So he would come hang out and we would talk on our breaks, but one night this guy walks in—when I was in there with Lou—from PJ’s whose name was Elmer Valentine. Elmer Valentine comes in and he says “Listen, there’s a place on Sunset Boulevard there called The Party. Me and my partners want to take it over and we want to call it the Whisky a Go Go.” I said, “What kind of name’s that?” He said, “Well, I just got back from a vacation in Europe and in Paris there’s a small little club there and all they do is play records and people dance. It’s the hottest club in Paris and they call it a “discotheque.” I said, “What does that have to do with me?” and he said “I’d like to sign you for a year and have people play records in between your sets so people can keep dancing.”

So he offered me a lot more money than Gazzarri’s. I was hardly making any money at all, and Jimmy Bowen was pissed off at me because I wasn’t showing up at the studio to help him out. I went to Bill Gazzarri and I said, “Bill I need a raise. I can’t make it on what you’re paying me. I lost my gig with Jimmy Bowen here.” I didn’t tell him about Elmer Valentine approaching me on the deal. So he gave me this poor man story: “Ah, there’s a lot of people but they’re not spending any money.” So I said, “Bill, you think about it.” I figured he'd think about it for a few days and give me a raise, but he never did.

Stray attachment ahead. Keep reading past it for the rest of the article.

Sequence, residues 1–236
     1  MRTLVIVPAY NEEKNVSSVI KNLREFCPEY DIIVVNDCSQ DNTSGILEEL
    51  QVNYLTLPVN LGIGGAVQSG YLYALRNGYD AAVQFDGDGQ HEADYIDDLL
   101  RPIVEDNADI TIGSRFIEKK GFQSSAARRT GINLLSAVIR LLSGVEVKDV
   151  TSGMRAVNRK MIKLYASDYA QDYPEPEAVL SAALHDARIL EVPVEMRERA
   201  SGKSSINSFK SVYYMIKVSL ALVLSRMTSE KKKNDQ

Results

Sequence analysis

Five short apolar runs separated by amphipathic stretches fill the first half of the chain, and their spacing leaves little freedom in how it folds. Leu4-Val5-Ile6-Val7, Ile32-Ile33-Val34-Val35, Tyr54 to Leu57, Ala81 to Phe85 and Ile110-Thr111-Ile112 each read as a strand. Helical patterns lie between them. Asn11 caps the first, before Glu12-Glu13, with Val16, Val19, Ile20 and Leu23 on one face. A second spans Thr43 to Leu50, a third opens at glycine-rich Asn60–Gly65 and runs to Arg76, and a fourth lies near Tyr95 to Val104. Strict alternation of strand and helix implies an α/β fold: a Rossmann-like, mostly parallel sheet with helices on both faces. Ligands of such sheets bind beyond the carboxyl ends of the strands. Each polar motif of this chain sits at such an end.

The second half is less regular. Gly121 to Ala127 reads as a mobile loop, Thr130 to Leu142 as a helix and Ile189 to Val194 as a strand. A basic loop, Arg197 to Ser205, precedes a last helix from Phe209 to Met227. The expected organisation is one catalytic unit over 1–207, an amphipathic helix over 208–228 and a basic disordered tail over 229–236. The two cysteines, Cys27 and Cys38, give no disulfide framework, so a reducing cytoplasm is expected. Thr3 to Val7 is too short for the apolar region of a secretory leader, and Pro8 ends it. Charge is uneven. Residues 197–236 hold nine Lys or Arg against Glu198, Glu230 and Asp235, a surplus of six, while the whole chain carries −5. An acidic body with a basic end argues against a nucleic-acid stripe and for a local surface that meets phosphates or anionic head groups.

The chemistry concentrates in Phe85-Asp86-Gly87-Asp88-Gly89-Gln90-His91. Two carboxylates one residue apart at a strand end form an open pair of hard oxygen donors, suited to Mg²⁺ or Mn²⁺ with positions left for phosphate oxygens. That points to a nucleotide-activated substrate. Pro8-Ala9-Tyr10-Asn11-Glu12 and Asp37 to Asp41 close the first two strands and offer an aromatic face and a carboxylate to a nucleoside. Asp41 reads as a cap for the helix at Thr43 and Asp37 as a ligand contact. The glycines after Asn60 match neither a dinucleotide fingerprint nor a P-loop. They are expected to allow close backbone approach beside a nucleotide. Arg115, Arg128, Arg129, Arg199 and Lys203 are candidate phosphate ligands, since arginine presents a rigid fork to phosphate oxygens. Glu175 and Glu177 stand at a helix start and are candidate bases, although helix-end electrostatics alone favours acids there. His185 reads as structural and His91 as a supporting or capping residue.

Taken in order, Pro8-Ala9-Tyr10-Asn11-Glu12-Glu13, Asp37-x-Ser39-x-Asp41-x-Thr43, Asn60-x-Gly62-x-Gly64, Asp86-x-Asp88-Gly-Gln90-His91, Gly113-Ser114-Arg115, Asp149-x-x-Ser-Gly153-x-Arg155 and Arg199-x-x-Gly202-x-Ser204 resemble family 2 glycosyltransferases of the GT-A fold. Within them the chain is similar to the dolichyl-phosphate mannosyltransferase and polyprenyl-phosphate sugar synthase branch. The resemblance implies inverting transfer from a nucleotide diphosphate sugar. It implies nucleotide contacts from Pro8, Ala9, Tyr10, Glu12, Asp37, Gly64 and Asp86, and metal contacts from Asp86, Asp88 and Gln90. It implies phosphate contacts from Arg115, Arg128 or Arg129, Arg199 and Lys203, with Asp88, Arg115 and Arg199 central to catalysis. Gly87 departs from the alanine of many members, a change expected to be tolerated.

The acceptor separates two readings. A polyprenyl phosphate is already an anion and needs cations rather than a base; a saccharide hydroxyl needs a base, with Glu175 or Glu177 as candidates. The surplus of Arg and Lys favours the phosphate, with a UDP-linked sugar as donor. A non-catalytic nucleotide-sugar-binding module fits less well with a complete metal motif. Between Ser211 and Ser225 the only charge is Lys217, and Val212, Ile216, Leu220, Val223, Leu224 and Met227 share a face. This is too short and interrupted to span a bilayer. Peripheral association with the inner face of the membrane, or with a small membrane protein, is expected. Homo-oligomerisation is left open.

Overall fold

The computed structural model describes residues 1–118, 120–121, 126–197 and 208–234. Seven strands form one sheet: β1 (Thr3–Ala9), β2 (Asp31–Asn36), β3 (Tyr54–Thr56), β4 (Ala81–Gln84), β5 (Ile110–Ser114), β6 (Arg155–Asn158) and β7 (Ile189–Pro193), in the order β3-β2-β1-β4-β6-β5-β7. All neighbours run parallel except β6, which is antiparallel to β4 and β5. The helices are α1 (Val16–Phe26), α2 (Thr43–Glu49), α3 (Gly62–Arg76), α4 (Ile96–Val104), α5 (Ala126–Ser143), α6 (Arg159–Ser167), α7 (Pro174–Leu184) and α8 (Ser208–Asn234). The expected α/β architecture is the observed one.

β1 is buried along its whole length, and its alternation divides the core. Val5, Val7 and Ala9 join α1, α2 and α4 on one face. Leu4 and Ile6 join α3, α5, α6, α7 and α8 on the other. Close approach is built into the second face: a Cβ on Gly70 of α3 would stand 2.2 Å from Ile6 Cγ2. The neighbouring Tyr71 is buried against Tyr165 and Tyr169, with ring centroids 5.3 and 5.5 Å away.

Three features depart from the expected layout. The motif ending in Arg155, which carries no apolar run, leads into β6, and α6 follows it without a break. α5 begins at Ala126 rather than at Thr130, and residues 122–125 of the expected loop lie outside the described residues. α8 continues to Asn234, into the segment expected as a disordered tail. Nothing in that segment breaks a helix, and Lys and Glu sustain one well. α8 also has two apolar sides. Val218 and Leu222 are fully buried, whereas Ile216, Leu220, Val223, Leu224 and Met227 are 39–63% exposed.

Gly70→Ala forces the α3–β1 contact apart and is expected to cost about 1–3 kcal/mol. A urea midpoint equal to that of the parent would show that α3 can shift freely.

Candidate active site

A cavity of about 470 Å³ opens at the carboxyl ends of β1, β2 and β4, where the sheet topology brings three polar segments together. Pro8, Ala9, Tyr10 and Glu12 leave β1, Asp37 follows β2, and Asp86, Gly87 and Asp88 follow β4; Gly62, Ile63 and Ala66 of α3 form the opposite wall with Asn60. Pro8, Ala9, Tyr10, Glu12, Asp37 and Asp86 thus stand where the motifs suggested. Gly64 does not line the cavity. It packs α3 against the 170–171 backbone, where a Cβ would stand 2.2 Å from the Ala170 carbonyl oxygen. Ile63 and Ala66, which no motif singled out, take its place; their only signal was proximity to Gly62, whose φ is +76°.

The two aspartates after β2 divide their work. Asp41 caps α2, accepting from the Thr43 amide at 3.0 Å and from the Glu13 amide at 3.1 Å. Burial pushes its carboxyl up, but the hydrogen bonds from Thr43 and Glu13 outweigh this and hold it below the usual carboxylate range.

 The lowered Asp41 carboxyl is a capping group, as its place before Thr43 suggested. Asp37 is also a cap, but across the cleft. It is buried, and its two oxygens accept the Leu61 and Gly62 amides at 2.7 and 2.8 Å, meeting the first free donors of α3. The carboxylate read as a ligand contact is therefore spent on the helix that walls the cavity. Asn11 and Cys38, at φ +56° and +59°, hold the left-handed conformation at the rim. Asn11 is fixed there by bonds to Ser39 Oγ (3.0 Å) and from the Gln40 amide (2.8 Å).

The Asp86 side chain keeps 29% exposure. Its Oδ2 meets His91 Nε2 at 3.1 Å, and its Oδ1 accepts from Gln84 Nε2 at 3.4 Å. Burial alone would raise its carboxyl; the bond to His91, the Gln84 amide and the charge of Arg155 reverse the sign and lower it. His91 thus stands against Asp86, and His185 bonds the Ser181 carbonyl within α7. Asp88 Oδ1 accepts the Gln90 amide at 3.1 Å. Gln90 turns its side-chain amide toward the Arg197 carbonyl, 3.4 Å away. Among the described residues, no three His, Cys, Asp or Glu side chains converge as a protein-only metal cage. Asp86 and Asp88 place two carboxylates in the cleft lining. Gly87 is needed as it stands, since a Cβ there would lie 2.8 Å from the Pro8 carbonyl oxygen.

The thing that made my mind up about taking this new deal was on Nov. 22, 1963, the phone rang while I was there with my girlfriend. “Johnny, get up, President Kennedy’s been shot in Dallas.” And I go, “What?” and we turn on the TV. Everybody’s crying and everybody was in a daze, and so I called Bill Gazzarri and I said, “Bill, you know, I won’t be coming in tonight, and he said, “Well, what do you mean? We’re open!” I said, “Nobody’s open tonight!” so that made my mind up—this insensitive bastard. So I called up Elmer and I said, “Elmer, you still want to do this thing on Sunset?” and he goes, “Sure.” I said, “Well, let’s do it.” Bill’s wanting me to work the night Kennedy got assassinated made my mind up to take the new deal, so basically I did and that’s how it came about.

I went home to Baton Rouge for Christmas. I gave Bill my notice. I said “Bill, go get another group because I’m leaving.” I didn’t even tell him about the thing on Sunset. When I came back, Joe Osborn joined us because up to that period I didn’t even have a bass player. It was just me on guitar and Eddie on drums. They PR’d the thing really big and opening night at The Whisky was like a Hollywood opening, man. A premiere. They had klieg lights out front and this and that, movie stars. People had lined up, up the street.